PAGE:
The need to provide students with hands-on instruction in the fabrication of Microelectromechanical Systems (MEMS) led to the development of an upper-undergraduate, introductory-graduate, laboratory course offered each spring in the Department of Mechanical Science and Engineering (MechSE). The laboratory is taught in a class 100 cleanroom located in, and operated by, the MechSE department. Fabrication and testing of two MEMS device projects, a piezoresistive membrane pressure sensor and a microfluidic logic chip, facilitate the teaching of standard fabrication procedures, fabrication tool operation, and cleanroom protocols. The course appeals across disciplines as evident by half the students coming from other departments (chemical engineering, chemistry, material science, physics, electrical engineering, aeronautical engineering, etc.). The course also serves to attract prospective graduate students as many students continue to use the cleanroom in their graduate level research. This course broadly covers MEMS fabrication theory while maintaining a focus on practical understanding and laboratory application of that theory. The lecture is tied closely to the laboratory work by covering the tool and procedure theory that is used in the lab each week. An exciting aspect of the course is the hands-on learning experience the students get by independently operating the fabrication equipment themselves, including metal deposition tools, reactive ion etch (RIE) tools, lithography tools (spinners, mask aligners, etc.), and bath etchers and cleaners. Safety is an important aspect of the course where students are tested on safety protocol, Material Safety Data Sheet (MSDS) and National Fire Protection Agency (NFPA) familiarity, personal protection procedures, etc. The students also learn benchmark fabrication procedures including standard cleaning protocols (with ultrasonics), the Bosch RIE etching of silicon microstructures, and anisotropic etching of silicon. The piezoresistive membrane pressure sensor project facilitates an understanding of the residual stresses involved in thin-film deposition, stress-strain relationships, and signal analysis for transduction mechanisms. The microfluidic logic chip project, a chip of logic gates (NAND, NOR, etc.) and a half-adder, facilitates understanding fundamental principles of microfluidics, the Navier-Stokes equation, and flow in microchannels. This course, originally sponsored by Intel Corporation, prepares Mechanical Engineers in a multi-disciplinary environment to learn both the practical fundamentals and the theoretical basis of basic and advanced microfabrication that goes beyond the usual CMOS fabrication theory and methodology taught in Electrical Engineering for the microelectronics bound students. As evident from its popularity, the course also serves to excite and equip students for the important Mechanical Engineering field of MEMS.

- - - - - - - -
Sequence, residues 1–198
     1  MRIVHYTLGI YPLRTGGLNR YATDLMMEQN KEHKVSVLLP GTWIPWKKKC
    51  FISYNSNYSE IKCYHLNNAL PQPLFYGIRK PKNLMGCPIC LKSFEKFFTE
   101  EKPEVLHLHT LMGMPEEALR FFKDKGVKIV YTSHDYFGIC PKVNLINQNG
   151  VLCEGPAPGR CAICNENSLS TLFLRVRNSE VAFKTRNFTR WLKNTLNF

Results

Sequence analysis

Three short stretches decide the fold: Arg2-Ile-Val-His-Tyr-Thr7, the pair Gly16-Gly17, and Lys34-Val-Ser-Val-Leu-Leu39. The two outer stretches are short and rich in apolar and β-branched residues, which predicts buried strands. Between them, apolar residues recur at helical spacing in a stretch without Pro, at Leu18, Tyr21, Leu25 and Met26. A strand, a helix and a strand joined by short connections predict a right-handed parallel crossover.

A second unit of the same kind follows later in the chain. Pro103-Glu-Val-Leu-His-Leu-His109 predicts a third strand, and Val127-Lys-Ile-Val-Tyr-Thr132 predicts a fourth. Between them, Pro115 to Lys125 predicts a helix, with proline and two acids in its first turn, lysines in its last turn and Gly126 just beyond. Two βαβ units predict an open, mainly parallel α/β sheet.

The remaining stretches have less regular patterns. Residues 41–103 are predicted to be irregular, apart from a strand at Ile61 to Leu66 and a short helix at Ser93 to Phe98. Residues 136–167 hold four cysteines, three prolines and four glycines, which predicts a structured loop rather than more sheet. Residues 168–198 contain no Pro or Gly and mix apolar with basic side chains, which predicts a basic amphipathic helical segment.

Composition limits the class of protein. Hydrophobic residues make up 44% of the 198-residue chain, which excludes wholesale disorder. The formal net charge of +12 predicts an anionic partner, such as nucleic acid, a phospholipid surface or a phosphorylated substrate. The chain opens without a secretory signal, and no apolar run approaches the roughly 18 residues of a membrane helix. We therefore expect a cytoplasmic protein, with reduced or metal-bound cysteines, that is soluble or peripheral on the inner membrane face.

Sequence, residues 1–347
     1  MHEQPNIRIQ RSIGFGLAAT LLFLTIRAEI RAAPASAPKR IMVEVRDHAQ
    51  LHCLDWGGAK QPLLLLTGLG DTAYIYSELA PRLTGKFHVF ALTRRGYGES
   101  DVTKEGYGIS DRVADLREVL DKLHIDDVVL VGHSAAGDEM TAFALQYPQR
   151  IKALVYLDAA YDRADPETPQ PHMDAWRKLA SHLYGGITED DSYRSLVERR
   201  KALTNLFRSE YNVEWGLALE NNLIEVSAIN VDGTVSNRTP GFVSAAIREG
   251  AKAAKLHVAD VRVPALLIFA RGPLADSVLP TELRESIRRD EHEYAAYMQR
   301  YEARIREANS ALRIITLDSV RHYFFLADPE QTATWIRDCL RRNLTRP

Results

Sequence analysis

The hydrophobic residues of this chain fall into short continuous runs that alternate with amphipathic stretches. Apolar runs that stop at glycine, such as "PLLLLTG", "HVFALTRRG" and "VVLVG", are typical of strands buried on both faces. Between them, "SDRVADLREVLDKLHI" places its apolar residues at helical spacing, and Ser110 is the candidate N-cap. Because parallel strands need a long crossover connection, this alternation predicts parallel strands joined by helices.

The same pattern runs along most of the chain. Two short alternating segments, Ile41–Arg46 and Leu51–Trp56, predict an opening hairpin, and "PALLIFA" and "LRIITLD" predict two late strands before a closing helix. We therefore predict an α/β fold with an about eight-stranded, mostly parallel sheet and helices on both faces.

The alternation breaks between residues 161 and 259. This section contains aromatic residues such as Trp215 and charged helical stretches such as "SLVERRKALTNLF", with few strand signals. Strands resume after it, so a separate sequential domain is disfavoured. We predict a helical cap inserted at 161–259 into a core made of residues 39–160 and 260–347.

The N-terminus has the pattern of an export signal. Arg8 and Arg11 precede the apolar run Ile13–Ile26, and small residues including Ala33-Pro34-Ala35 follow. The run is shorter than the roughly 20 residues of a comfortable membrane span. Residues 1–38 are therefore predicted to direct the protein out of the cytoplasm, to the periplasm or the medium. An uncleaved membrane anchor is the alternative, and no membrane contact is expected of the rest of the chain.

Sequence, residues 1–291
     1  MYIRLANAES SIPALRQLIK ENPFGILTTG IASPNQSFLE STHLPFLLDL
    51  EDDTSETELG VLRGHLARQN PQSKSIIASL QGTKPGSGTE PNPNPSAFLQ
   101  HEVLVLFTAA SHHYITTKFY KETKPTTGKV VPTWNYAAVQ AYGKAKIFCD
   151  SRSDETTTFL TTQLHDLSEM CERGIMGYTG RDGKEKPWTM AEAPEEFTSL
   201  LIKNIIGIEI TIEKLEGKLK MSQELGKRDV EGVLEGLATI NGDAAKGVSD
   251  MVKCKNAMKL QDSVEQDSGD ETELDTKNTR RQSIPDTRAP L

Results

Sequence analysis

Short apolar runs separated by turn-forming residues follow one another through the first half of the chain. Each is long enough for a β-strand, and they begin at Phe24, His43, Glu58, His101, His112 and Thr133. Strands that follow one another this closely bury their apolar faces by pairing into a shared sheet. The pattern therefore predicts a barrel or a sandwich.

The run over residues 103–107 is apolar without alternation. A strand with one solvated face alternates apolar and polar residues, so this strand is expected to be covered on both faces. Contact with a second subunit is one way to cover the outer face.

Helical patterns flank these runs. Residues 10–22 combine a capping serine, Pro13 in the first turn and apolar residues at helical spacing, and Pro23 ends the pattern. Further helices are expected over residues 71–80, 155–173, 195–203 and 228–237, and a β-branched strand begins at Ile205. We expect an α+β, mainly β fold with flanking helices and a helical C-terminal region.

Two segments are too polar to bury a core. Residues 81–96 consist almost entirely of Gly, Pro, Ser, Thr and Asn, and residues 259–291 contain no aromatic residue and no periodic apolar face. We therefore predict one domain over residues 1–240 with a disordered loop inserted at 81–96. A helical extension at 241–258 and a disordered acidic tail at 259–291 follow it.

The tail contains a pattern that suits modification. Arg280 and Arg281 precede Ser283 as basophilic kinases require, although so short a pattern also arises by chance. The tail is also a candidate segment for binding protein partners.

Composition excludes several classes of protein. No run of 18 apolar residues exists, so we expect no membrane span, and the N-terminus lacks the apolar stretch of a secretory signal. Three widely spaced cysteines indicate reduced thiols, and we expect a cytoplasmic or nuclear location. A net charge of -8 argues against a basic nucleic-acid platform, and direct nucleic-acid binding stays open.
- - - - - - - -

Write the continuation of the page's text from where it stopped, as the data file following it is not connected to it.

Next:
1.
Madou, M., Fundamentals of Microfabrication: The Science of Miniaturization. 2nd ed. 2002, Boca Raton, Florida: CRC Press LLC.
2.
Cabuz, C., The Potential of MEMS, in Design News. 2005.
3.
Dong, H., H. Zhang, and Y. Hao. The Use of Second Order System Equation in the Micro Electro Mechanical Systems (MEMS) Education. in Proceeding of the 2004 ASME International Mechanical Engineering Congress and Exposition. 2004. Anaheim California: ASME.
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